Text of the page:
Office hour: Monday, Tuesday, Thursday 13:00-15:00
Course Description: This course is designed to initiate reflection and critical thinking on major topics in social and economic development. Topics to be covered include poverty, inequality, unemployment, economic growth, population growth, environmental issues, and rural stagnation.
Prerequisites: The prerequisite for this course is Introduction to Microeconomics.
Course Purpose: The purpose of this course is to introduce social science methods and concepts that will be used to illustrate economic theories on development/underdevelopment. Students will be introduced to the policy applications and implications of the theoretical fundamentals and empirical findings presented in class. Lastly, this course will demonstrate that developmental issues need not to be merely treated from an economic perspective; rather they need to be treated from an institutional and structural perspective as well.
Course Objectives: Upon completion of the course, students should be able to:
Required Reading: M. P. Todaro and S. C. Smith, Economic Development, Addison Wesley, 8th Edition, 2002.
Additional reading material will be provided in class or by e-mail to augment the textbook. You will be responsible for finding, printing, reading, etc of the materials send by e-mail, unless otherwise specified. Use your e-mail account as an important source of information, for class materials and additional information regarding this course.
Required Readings should be completed prior to each class, therefore lecture assumes that you have read the material. Please come to class with questions on these readings. This will make class more enjoyable and productive.
Course Policies: This course will respect the code of conduct and all related UNYT policies with regard to: lecture attendance, plagiarism etc. All cellular phones must be switched off during class period.
Exams: Two examinations will be given. One midterm exam will be given during midterm week, and a final exam covering all course content will be given during the final examination period. Exams will include reading materials, lecture notes, and materials discussed during the presentations Makeup exams will be allowed only for compelling reasons upon provision of verification and will require pre-approval.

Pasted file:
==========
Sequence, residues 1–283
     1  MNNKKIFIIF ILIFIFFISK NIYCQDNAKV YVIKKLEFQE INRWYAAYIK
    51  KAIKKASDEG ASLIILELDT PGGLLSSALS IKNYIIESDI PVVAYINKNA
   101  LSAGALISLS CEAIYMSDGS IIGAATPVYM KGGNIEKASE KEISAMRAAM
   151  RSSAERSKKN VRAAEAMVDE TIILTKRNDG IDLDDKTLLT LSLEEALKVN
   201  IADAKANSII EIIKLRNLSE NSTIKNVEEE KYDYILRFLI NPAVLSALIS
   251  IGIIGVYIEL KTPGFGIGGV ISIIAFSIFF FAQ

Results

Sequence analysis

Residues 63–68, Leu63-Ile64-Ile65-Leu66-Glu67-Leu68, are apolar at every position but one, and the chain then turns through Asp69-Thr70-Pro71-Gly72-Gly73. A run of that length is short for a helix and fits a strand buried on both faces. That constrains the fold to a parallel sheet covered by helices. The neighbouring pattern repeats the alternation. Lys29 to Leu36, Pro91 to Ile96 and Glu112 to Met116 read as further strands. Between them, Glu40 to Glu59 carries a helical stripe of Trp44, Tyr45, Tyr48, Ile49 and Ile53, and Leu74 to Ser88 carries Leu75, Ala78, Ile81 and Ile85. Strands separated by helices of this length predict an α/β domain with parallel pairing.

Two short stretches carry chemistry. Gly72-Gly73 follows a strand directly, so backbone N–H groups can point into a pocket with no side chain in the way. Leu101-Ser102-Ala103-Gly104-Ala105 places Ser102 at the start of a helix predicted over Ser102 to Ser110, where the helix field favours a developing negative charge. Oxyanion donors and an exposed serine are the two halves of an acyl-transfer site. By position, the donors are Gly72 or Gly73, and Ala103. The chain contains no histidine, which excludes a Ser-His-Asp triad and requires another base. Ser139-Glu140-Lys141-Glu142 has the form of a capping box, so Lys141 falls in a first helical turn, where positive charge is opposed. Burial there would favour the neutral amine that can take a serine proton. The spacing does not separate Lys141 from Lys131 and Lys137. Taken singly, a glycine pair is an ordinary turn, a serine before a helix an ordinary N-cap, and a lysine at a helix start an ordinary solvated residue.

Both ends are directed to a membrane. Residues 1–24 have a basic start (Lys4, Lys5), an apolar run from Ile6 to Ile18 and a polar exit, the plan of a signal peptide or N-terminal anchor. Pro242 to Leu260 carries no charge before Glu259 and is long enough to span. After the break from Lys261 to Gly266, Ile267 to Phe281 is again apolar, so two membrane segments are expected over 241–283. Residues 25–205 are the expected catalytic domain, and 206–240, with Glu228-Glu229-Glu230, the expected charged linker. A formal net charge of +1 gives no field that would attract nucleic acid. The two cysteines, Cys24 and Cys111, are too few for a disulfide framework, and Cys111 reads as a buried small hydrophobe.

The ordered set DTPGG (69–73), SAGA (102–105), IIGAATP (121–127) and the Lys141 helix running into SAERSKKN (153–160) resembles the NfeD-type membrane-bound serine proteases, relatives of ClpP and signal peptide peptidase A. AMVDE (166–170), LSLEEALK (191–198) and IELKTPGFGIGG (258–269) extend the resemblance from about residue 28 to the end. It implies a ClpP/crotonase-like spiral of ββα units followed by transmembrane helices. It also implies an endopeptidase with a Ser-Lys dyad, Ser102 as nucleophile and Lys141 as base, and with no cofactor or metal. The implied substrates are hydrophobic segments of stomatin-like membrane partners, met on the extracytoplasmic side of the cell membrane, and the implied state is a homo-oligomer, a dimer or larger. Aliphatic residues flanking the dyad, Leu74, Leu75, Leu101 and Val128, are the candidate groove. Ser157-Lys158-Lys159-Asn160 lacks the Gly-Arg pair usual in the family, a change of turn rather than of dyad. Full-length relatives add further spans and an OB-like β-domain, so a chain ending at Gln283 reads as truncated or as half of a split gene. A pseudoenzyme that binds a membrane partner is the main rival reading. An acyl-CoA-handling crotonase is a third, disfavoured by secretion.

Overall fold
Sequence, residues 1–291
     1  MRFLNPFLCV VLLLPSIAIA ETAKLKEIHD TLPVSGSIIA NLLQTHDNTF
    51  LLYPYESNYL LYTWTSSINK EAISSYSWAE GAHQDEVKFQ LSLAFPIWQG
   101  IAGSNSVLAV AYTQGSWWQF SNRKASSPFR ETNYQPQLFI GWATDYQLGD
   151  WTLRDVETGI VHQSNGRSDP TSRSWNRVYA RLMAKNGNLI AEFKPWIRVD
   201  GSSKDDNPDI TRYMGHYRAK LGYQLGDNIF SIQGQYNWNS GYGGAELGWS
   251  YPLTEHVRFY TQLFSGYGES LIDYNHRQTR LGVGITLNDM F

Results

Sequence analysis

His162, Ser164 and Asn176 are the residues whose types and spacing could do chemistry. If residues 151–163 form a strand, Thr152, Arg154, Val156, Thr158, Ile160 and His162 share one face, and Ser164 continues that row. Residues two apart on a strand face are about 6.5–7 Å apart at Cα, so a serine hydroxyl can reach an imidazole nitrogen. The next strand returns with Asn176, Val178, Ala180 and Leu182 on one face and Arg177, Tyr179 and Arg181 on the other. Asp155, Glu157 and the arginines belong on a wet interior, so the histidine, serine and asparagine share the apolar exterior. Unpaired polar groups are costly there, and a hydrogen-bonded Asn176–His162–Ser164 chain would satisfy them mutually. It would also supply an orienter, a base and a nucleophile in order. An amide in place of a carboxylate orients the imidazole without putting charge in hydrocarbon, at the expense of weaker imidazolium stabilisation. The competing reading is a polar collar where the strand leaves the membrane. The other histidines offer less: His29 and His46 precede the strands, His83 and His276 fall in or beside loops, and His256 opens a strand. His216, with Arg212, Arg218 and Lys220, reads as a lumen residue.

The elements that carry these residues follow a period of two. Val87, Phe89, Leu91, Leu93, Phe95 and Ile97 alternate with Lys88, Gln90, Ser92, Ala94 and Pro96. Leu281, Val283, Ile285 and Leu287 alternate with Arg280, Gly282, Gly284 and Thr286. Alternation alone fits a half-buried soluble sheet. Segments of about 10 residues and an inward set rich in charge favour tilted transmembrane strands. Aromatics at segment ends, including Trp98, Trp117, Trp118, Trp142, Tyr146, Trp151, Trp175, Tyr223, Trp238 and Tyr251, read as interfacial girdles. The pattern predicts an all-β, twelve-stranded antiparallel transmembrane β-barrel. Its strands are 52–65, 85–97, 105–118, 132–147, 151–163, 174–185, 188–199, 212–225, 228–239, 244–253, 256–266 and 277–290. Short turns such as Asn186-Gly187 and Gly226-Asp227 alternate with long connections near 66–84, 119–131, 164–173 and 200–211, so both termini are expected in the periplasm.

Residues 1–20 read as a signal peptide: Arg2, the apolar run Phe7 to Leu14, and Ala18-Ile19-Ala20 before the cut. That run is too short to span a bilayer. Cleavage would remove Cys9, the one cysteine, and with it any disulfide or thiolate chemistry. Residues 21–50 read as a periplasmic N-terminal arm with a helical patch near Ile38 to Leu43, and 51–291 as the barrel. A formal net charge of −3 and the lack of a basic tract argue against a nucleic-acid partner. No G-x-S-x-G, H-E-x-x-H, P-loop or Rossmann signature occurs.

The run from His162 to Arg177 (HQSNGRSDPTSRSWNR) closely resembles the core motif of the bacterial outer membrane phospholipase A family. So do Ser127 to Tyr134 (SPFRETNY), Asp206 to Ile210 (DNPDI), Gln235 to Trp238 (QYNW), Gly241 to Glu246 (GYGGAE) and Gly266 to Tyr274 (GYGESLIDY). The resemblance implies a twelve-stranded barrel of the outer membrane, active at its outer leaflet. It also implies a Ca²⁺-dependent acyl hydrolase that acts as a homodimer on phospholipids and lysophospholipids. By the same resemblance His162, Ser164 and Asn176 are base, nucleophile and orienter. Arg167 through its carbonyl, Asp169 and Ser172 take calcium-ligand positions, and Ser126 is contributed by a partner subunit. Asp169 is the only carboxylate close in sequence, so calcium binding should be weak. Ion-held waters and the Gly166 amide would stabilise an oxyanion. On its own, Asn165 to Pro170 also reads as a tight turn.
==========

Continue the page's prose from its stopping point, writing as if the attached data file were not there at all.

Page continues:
Participation: Participation extends beyond mere attendance. Classroom discussion of topics and current socio-economic events is essential for the successful completion of this course. Expect your instructor to keep track of how often you contribute to class discussion (as a whole), particularly during the panel discussion section. You may miss up to three classes without penalty – your first two absences count whether you have a good excuse or not. Each absence beyond the first three will cost you points off of your participation grade. The only exceptions to this rule are severe illness (doctor’s note required) and UNYT approved trips/activities. Appropriate documentation for absences beyond the first three is necessary the class day directly before or after the one you miss. In general: this class is intensive and interactive. Missing class could seriously affect your grade! Students are reminded not to approach the instructor for copies of the previous week’s materials during immediately before, during, or immediately after class. Students are expected to collect materials from their classmates or see the instructor during consultation hours.
Course Grade: Grade Component Date Contribution to Final Grade
Midterm 30 %
Final 40 %
Oral Presentation 20%
Grading Scale: Grading scale follows the official UNYT as below
|Letter Grade||Percent of Total Grade||Generally Accepted Meaning|
|B+||87-89||Good work, distinctly above|
|D+||67-69||Significantly below average|
|F||0-59||Work that does not meet the minimum standards for passing the course|
Tentative Course Outline: While the course will try to explore all topics several important issues will receive particular attention. Core chapters that cover critical models and theory are market in bold. The instructor holds the right to make changes to the syllabus, and will inform the students in due course.
Principles and Concepts – Chapter 1
Characteristics & Theories – Chapter 2
Growth – Chapter 4
Consumer Problems and Policies: Domestic Poverty – Chapter 5
Population – Chapter 6 (Part I)
Population – Chapter 6 (Part II)
Migration & Urbanization – Chapter 7
Education & Health – Chapter 8
Agriculture – Chapter 9
Environment – Chapter 10
International Trade Policy – Chapters 12 &13
Problems & Policies
Debt & Aid – Chapters 14 & 15